If I gave you a sheet of paper and asked you to list all the things you really wanted right now, how many could you come up with? Five? Ten? None? Chances are there are quite a few things on your spending radar. Some of the things you need, but most of them you want. It’s OK; you’re human.
We all sort of walk around with an idea of things we like to replace, or upgrade, or add to our lives. If these things add value to our lives then planning for their purchase is not necessarily a bad thing. It is the impulse purchases of stuff that get us into trouble.
Secrets To Curbing Your Appetite For Stuff
1. Unsubscribe to catalogs. A friend of mine in college griped incessantly about being broke. He also subscribed to every catalog under the sun. In any given week I bet he received 10 catalogs on sportswear, hunting and fishing gear, golfing equipment, etc. And then he would salivate over the things he saw in the catalog. Easy fix; cancel the stupid catalogs.
2. Get a TiVo and skip the commercials. When I bought my TiVo a couple years ago I felt a twinge of guilt over the purchase – after all, DVR is still kind of a luxury. But now I’m convinced it has actually saved me time and money. Not only can we motor through a half-hour show in twenty minutes, but we can skip all the commercials, too.
3. Ignore unreal media examples. While on the subject of television, ignore examples in the media of entertainers living lavish lifestyles without putting in an ounce of real work. I’m always amused by soap operas where the main character is depicted as a policeman or detective and lives in a multi-million dollar home. I have family members in law enforcement, and I can tell you that they are grossly underpaid for the work they do, and there is no way they could afford such a lifestyle.
4. Don’t hang out with materialistic people. Friends influence purchasing decisions more than any amount of corporate advertising ever could. For this reason, avoid hanging out with people wrapped up in their clothes, their cars and their expensive homes, or you will start to feel the need to keep up with them. Better to let the “Jones” keep up with themselves.
5. Sleep on it. Before making a major purchase, give yourself some time to decide whether or not you really need it. My garage is full of crap that I just had to have, but later found out I didn’t really need. I’ve slowly been purging this stuff from my life, and it feels great. I only wish it was as easy to get rid of the associated debt, too.
6. Convert the cost of items to hours worked. This idea comes from my all-time favorite personal finance book, Your Money or Your Life. In the book, the authors advocate calculating your real hourly wage as the total amount of time you spend getting ready for, commuting to, and being present at, paid employment. So if you work eight hours a day, but commute thirty minutes both ways and take half an hour to get ready in the morning then working actually costs you 9.5 hours of life energy each day. Divide your earnings by this amount, and then decide if that new toy is worth x amount of working hours.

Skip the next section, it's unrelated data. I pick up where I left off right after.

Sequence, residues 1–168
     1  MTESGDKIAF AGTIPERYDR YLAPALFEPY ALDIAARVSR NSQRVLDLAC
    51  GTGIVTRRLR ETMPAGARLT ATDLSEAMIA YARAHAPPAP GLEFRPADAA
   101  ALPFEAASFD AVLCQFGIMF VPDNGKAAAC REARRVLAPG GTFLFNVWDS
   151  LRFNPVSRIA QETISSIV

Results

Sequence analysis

7. Beware of coupons. Coupons can save you a ton of money off the retail price, but they can also cause you to spend more money, overall, than you normally would. I’ve fallen into this trap while playing The Grocery Game, which publishes a list of “rock-bottom” priced goods at your favorite store. I see the item is 60% off, flip through my folder of coupon fliers and I’m off to the store to buy it. The problem is, I don’t even like Raisin Bran cereal, and I wouldn’t have normally bought it. That’s exactly what the manufacturers are counting on. They’re hoping I’ll like their cereal and give up my usual fast-breaking bowl of Peanut Butter Cap’n Crunch. Not likely.
8. Set boundaries with well-intentioned family members. This one gets a little touchy. Parents often want the best for their kids, but sometimes they advocate the wrong ways of acquiring it. The classic example is the meddling parents who try to convince newlyweds to buy a house instead of renting. They think they are helping, but don’t realize that in six months the couple might be fighting over money every night because they are drowning in debt and have a mortgage they can barely afford. Buy things on your terms, not your family’s.
9. Be content with what you already have. How many times have we rushed out to replace something just because a new model is out? Could be a car, or a game system, or a computer, or a cell phone. If the current model you own is meeting your needs, why upgrade? Unless a case can be made for serious productivity increases, chances are you will never recoup the costs of upgrading. Be content with what you have, and resist the temptation to upgrade.
10. Quit worrying about what other people think. This is the number one indicator of financial maturity. Think of the amount of money wasted each day by people attempting to impress strangers. From luxury cars to expensive jewelry, the examples of ostentatious buying are never-ending. Entire industries have been created around the idea of making people look better off. From tanning beds to plastic surgery, from one-day luxury rental car companies to glamor photographers, we spend an insane amount of money trying to be something we aren’t.
Be happy with yourself. Be content with what you have. Look for fulfillment and self-worth in things other than material possessions. Volunteer your time. Be a good parent. Love your neighbor. These are the things that make a lasting impression, and leave a lasting legacy when you, and all your stuff, is finally gone.